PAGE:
|"Dangerous" Grey Heron at bay. (Photo by: Jason)|
The Grey Heron may be a descendent of the dinosaurs, but usually does not cause harm to humans. Nonetheless, even as young juveniles, Grey Herons display some "aggressive" behaviours towards their parents and siblings.
--------------------------------------------------------Ferocious or harmless? Find out for yourself below.
Name and Etymology
Scientific name: Ardea cinerea-Common name: Grey Heron, Gray Heron--In latin, Ardea = Heron; cinerea = grey or ash coloured. (cinis means ashes) (Robinson, 2005)
-The Grey Heron was first described by Linnaeus in the 10th edition of Systema Naturae (1758). The type specimen originated from Sweden, and the original description can be found here.
Grey Herons are usually solitary, although they may occur in small loose flocks occasionally (Jeyarajasingam, 2012)
Grey Heron striking at prey in water. (Photos by: Jason)
Grey Herons are excellent predators, feeding on food such as fishes and frogs (Briffett, 1993)
|Fancy a food delivery? (Photo credit: Jason)|
]]>. From laying of eggs to chick hatching, and finally the young leaving the nest, the whole progression takes around three months (Gan, 1997)
In Singapore, Grey Herons probably can breed all year round (Tan, 2001)
]]>. The process of courtship starts with the male Grey Herons, as they begin to collect nesting materials (e.g. twigs) after arriving at a suitable nesting site high up on trees. While defending their respective sites from other males, the male Grey Heron tries to attract the opposite gender (Tan & Vickerman, 2010)
Despite being solitary most of the time, especially during feeding, Grey Herons adopt a more sociable character during the breeding season, typically forming breeding colonies among tall emergent trees (Tan, 2001)
]]>. The nest is typically a platform made of sticks and branches (Tan, 2001)
Once the courtship process is successful, the Grey Heron couple proceeds to build their nest. Males will collect and bring the nesting materials, while the females will be responsible for constructing the actual nest (Tan & Vickerman, 2010)
|Grey Heron carrying nesting material. (Photo by: Jason)|
]]>. Around 3 to 5 pale blue coloured eggs are laid (RMBR, 2012)
After completing the nest construction, mating occurs, where the males will attempt to mount on the back of the females, balancing by spreading out their wings (Tan & Vickerman, 2010)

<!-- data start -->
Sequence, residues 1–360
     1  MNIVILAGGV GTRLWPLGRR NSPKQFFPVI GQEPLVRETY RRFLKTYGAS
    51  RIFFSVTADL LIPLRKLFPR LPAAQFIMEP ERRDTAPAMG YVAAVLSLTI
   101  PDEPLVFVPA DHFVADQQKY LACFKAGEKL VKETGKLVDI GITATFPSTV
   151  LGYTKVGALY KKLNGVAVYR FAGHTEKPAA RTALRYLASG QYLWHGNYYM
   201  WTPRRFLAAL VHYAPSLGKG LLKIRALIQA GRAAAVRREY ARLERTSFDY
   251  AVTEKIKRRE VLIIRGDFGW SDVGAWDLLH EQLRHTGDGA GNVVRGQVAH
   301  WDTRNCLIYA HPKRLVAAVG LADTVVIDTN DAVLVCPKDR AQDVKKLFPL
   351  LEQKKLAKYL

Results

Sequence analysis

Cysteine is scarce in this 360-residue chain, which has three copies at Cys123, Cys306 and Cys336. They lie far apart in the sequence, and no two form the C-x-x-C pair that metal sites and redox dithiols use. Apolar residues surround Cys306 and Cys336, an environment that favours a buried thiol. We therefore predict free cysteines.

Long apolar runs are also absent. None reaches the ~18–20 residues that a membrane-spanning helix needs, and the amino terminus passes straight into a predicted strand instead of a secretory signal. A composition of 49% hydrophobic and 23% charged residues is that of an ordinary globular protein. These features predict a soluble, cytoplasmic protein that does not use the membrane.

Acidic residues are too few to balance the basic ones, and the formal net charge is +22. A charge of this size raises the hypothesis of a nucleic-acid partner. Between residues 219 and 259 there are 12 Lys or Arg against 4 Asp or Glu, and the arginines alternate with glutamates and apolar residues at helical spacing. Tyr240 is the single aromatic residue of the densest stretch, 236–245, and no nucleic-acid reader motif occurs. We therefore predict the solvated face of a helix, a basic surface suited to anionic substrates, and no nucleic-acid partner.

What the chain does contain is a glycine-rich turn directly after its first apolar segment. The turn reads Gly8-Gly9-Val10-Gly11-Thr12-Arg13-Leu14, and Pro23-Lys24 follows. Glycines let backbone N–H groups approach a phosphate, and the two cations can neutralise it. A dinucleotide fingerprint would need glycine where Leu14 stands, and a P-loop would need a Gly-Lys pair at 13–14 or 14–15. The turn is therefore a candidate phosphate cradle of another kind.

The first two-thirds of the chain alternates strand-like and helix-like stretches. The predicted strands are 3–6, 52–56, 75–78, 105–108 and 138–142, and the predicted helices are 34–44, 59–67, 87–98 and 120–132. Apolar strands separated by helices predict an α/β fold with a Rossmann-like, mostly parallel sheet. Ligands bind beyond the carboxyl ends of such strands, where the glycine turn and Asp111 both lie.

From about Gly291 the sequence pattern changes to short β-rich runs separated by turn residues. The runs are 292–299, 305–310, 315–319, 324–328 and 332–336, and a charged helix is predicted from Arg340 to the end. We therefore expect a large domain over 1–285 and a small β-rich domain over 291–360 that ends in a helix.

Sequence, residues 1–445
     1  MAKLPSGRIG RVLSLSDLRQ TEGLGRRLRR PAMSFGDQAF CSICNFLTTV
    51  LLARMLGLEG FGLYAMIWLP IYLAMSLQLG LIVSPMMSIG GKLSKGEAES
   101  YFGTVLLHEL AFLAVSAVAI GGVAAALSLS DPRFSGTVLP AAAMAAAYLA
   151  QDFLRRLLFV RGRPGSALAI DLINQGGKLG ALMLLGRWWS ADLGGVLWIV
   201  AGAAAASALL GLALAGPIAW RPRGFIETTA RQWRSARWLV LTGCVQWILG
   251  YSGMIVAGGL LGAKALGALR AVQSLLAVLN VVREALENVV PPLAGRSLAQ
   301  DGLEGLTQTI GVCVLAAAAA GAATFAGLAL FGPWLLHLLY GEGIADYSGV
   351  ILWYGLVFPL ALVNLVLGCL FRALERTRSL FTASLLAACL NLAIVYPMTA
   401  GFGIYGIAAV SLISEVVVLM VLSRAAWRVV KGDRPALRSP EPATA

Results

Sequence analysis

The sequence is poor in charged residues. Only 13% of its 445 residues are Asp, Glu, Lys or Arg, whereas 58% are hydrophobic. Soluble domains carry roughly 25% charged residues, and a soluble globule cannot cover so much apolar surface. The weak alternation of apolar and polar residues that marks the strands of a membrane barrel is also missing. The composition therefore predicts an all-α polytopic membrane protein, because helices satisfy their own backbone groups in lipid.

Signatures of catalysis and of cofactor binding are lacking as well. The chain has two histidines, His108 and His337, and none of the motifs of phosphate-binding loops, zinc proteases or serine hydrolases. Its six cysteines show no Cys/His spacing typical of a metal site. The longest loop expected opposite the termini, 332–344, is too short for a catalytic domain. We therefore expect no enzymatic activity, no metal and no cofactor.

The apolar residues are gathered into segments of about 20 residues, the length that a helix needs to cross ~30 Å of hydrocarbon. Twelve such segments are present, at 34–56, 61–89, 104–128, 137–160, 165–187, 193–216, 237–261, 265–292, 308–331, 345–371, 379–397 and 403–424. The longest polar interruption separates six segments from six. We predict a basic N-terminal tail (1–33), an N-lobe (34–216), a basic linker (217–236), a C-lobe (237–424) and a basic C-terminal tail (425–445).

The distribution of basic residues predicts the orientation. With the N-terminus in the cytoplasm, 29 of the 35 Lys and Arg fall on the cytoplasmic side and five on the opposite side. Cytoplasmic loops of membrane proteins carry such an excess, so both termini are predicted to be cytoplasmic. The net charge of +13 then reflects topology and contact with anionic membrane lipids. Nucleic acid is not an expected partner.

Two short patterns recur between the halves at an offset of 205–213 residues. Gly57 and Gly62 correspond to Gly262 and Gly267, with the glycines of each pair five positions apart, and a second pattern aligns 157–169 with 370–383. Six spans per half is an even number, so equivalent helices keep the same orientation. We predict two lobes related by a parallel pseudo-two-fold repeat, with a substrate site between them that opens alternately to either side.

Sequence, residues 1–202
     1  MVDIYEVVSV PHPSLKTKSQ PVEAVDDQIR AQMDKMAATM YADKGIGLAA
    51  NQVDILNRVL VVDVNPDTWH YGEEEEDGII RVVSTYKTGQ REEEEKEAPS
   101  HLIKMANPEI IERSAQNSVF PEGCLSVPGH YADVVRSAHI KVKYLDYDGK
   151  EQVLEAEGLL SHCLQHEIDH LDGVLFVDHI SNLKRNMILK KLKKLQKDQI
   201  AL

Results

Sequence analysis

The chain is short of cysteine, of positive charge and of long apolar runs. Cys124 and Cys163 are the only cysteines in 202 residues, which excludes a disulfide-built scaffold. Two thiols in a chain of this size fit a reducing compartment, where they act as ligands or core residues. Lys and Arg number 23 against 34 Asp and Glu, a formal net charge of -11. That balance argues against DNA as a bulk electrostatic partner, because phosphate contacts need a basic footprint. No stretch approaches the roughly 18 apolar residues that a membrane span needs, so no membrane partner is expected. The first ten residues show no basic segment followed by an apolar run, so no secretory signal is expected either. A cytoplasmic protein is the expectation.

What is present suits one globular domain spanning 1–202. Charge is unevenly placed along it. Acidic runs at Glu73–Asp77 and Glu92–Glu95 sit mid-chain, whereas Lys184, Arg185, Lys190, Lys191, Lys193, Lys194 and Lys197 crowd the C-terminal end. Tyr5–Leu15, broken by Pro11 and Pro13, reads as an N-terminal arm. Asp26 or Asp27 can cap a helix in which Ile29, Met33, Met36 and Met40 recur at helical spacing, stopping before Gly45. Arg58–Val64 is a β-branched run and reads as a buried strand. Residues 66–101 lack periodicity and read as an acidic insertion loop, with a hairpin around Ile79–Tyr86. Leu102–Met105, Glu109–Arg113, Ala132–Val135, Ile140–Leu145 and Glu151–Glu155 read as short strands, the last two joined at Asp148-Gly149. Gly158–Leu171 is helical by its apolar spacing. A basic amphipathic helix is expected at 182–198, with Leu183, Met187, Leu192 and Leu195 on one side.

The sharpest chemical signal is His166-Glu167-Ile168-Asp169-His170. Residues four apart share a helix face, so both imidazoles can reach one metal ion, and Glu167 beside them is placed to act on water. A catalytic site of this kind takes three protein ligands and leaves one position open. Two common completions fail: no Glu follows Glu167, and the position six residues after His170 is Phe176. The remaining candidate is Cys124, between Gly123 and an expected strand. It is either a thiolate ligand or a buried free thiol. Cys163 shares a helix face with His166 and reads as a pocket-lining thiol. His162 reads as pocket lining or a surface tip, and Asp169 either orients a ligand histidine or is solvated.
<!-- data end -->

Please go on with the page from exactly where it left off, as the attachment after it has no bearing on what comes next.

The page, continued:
]]>. During incubation, the parents take turns to forage for food, ensuring that there is always one parent performing the duties of egg incubation and nest guarding at all times (Kwong 2010)
Before the chicks can hatch after approximately 50 days, incubation of eggs by both parents happens for around 25 to 26 days (RMBR, 2012)
|Grey Heron parents at nesting site. (Photo by: Jason)|
]]>. They are being fed by their parents, which regurgitate their swallowed food (Kwong, 2011)
After hatching, chicks will remain in the nest for about 10 to 20 days (RMBR, 2012)
Older chicks or juveniles will usually produce "begging" calls for food, and peck at their parents’ throats using their bills to stimulate regurgitation (Kwong, 2011)
|Grey Heron adult with chicks. (Photo by: KS Kong)|
Interestingly, like other birds in its family, the Grey Heron bends and curves its long neck into a distinct “S” shape during flight, making it look deceptively shorter in height. On the other hand, its legs adopt a stiff straightened posture, positioned below its tail (Briffett, 1986)
|Grey Heron in flight. (Photo by: KS Kong)|
]]>. This is especially important for Grey Herons living in the northern side of the globe, which flies and migrate southwards over a long journey during winter.
During both take-off and landing, Grey Herons are usually rather clumsy. Nonetheless, they can steadily fly long distances by flapping their wings slowly and deliberately (Briffett, 1986)
|Grey Heron clumsy landing. (Photo by: Dr. L. K. Yap)|
]]>. Nevertheless, they are also able to make different calls in variation with the activity involved, such as during mating. When startled, these birds can make deep guttural calls as well (Davison & Yeap, 2010)
Generally, the Grey Heron makes its call during flight, and produces a harsh “kraank” sound (Jeyarajasingam, 2012)
There is no difference in the general morphological characteristics between males and females . However, in terms of weight and size, males weigh approximately 1.5 kilograms while females are lighter and smaller (Gan, 1997)
Height: 90 to 98 cm-
Head: White, with conspicuous eye streak below eye.Black plumes appearing like a thick band runs across the head from top of eye to nape-
Bill: Yellowish, long and pointed-
Neck: Long and white coloured, many irregular black streaks of unequal length on foreneck-
Body: Underside of body mainly white-
Legs: Generally brown-
Wings: Broad and round. When wings are folded, upperwing appears to be fully grey.In flight, Primaries and Secondaries look black or grey.-
Wingspan: Up to 2 metres
Breeding Adult Changes
|Breeding colours transition in Grey Heron adults. (Left photo by: Jason; Right photo by: Nazrye, Labelled by: Karen Chew)|
]]>. Similarly, this occurs for both the males and females.
In contrast to the yellow bills, the bills of the breeding adult Grey Herons can turn to a brilliant pink or dark orange colouration. Also, the legs of the breeding adults turn from brown to pink colour (Jeyarajasingam, 2012)